Home / Industry / Ad firms chart risky growth push

London: When top advertising executives gather this week at the Cannes Lions festival in France, the focus of the discussion will be far away from the yachts and luxury hotels of the Cote d’Azur.

Europe’s slowdown has pushed the ad agencies into faster-growing markets and led to an acquisition boom in Brazil, Russia, India and China, with WPP Plc and Publicis SA racing to buy local marketers. Now, with the Bric (Brazil, Russia, India, China) economies at risk of slowing, too, the agencies are spreading deeper into emerging markets, making deals in Malaysia, Turkey, Indonesia and Pakistan to boost revenue.

“They are chasing growth where they can find it," said Stuart Sparkes, a partner in the corporate finance advisory at Deloitte Llp in London. “It’s a good way of the marketing services conglomerates getting faster profit growth."

WPP chief executive officer Martin Sorrell and Publicis’s Maurice Levy are betting on emerging markets demand to revive the companies’ stocks, which have dropped more than 10% in the past three months as Europe’s debt crisis intensified and threatened to weigh on growth globally. Paris-based Publicis said in April sales growth will slow this quarter as clients cut spending.

PP, the world’s biggest ad agency, has made more than two dozen acquisitions this year, including expansion into emerging markets beyond Bric, such as Malaysia and Turkey. The Dublin-based company now sells spices and Downy soap in Malaysia, and last month bought a stake in the Today Group advertising agency, which handles marketing for Mandalay Beer and City Mart Supermarkets.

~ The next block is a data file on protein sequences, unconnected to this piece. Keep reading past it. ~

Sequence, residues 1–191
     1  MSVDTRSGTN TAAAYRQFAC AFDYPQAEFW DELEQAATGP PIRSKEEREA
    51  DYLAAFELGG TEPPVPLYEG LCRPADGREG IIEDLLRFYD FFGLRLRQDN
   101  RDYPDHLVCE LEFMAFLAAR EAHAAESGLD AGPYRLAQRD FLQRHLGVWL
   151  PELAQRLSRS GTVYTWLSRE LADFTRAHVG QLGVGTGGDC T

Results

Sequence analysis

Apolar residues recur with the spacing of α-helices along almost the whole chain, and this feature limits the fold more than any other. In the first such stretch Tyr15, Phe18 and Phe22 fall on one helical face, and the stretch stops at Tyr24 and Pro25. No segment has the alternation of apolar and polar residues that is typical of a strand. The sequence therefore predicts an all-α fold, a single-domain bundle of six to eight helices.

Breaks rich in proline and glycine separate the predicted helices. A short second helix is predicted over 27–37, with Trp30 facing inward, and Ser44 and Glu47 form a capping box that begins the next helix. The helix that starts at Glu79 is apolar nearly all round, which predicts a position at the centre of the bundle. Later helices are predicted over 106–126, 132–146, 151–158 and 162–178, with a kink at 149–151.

Publicis, the third largest marketer, acquired United Arab Emirates-based Flip Media in February, winning access to customers in West Asia.

Developing advertising markets in such countries may keep growing even if other regions cool. If faced with budget cuts, advertisers will reduce spending in Western Europe and the US in favour of faster-growing economies, where advertising has a better chance of earning a return, said Claudio Aspesi, an analyst at Sanford C. Bernstein and Co. in London.

“The bulk of what they will try to save will be saved in the mature markets where you have an aging population, which has already made up its mind about what brands it wants," Aspesi said. “The money will be preferentially deployed in the countries where the brands can still be built."

Still, the smaller growth economies are also at risk of getting hit by Europe’s debt woes, Aspesi said.

“It would be naive to think that you could have a massive recession in the developed world and no impact on the Brics or even the more nascent, next tiers," he said. “However, they should still drive faster revenue growth than the mature markets will."

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